|Mr. Jean blames the NDP for something that hasn't happened|
Certainly not the superintendent of Fort McMurray schools who banned clown costumes from all schools this Hallowe'en.
Perhaps superintendent Doug Nicholls was thinking about the clowns Edmonton Journal cartoonist Malcolm Mayes portrayed in his recent cartoon. The clowns who are bringing "Modern Learning Ideology" (whatever that is) into our schools.
Could it be the "ideology" Mayes was mocking was inspired by Unite-the-Right hopeful Jason Kenney? Kenney, the man who spoke about "social engineering" which he claims the Alberta NDP government will implement because of their "ideology," oddly ignoring the fact that every political party has an ideology, including his own? His party that once suggested all educated Albertans should have an "entrepreneurial spirit"?
Jumping into the fray of the misinformed, Wildrose opposition leader Brian Jean cleverly mixed his metaphors when he sent out a tweet suggesting Alberta's NDP government is irresponsibly experimenting with the children of this province, despite the fact no changes to curriculum or pedagogy have been implemented since the government took power in May of 2015.
Mr. Kenney seemed to enjoy the clown cartoon as well, tweeting the following:
"We need curriculum reform that focuses on numeracy, literacy, knowledge and skills; not on the NDP's ideological agenda & pedagogical fads."
While the PC government (the party Mr. Kenney wants to lead) was in power, there was a great deal of work done on redesigning the curriculum. Inspiring Education proposed an extensive transformation of the education system. Curriculum prototyping was designed to modernize the curriculum and streamline how we design it, based on a common language and framework and sound instructional design principles.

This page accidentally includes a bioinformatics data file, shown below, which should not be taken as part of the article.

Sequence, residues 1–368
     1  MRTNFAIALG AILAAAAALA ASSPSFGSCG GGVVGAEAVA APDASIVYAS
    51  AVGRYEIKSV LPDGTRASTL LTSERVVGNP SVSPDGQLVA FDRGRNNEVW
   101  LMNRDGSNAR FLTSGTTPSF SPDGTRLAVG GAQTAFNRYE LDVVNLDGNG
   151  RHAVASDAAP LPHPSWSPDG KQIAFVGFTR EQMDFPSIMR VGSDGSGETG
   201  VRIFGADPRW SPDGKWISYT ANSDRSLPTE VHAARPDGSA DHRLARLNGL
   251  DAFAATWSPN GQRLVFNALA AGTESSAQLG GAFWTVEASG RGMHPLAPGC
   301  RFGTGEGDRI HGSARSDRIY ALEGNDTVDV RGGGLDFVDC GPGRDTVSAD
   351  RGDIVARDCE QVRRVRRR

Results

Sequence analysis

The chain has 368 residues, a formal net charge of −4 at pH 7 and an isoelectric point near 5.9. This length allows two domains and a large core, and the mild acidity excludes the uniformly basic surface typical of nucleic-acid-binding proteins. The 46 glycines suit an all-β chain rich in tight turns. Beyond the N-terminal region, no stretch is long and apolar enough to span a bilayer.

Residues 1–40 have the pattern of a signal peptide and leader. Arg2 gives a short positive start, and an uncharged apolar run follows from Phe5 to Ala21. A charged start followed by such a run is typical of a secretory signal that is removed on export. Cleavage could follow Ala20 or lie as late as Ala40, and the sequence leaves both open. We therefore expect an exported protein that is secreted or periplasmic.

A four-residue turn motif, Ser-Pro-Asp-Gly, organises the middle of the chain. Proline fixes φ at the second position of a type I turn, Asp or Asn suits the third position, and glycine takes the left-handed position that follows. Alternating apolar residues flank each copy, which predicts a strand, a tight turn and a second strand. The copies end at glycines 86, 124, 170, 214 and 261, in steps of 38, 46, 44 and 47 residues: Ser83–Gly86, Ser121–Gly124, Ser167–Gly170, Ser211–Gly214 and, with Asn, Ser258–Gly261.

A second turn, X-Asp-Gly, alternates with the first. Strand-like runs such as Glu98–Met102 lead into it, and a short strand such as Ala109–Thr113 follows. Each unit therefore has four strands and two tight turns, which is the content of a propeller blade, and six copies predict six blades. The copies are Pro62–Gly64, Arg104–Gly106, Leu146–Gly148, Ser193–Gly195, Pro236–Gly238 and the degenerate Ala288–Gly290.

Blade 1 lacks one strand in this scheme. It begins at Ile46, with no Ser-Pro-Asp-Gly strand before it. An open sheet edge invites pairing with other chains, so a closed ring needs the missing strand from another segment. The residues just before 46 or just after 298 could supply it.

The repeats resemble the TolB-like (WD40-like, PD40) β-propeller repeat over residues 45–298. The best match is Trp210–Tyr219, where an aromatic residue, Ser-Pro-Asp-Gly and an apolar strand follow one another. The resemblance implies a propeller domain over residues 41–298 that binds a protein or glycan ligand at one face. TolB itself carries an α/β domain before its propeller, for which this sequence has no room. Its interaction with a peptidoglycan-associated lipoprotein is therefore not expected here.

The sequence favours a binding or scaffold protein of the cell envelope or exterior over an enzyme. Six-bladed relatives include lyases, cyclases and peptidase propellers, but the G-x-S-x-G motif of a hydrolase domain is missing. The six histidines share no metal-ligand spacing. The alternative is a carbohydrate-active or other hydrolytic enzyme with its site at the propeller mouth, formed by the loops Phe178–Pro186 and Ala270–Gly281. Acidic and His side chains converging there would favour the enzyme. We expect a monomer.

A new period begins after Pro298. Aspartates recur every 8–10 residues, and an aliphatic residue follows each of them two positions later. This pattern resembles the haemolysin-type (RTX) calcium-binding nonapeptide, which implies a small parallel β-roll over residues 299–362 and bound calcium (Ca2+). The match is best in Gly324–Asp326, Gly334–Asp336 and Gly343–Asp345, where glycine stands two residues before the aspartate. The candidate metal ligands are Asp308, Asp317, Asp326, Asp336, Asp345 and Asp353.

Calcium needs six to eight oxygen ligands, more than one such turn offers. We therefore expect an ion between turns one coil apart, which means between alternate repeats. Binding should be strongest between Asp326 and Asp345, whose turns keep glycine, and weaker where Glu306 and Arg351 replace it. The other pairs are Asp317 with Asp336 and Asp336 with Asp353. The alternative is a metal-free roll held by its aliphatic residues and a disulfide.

|From "Inspiring Education" 2010|
Maybe Jean, Kenney and co. are opposed to the development of students' critical thinking skills, essential in our increasingly complicated world. Skills that would help students analyze the messages they are bombarded with every day. Or maybe they believe there is no new knowledge in a world where, according to some researchers, human knowledge is doubling every 13 months. Maybe they thinking learning is sitting in a desk, reading a textbook and writing a test.
In the field of social studies, my colleagues and I describe the nature of our subject as "learning how to live well together". But perhaps Jean and Kenney have other ideas. Perhaps their version of the future does not include everyone. Maybe they all share the vision of old-stock former Social Studies teacher Wildrose MLA Mark Smith who recently boasted about how he and his neighbours successfully prevented a group home from being established on their street.
The world today's children live in is complex. It is diverse. It is competitive.The jobs children will hold may not exist right now, whereas many of the jobs that exist now are disappearing. The future will require citizens who are flexible and hopeful and knowledgeable and empathetic. We live in a world where simple memorization of facts and figures is not enough- people will need to know how to learn, how to separate truth from fiction, and how to collaborate and communicate with others of different ethnicities, religions, orientations, political leanings and capabilities. A world where sexism and xenophobia and isolationism must not be encouraged.
We cannot prepare our children for tomorrow by giving them yesterday's tools.
The clowns who frighten us and mock us are not the forward-thinking educators of Alberta, who are helping students to thrive in an uncertain world. They are the politicians who deny change is needed.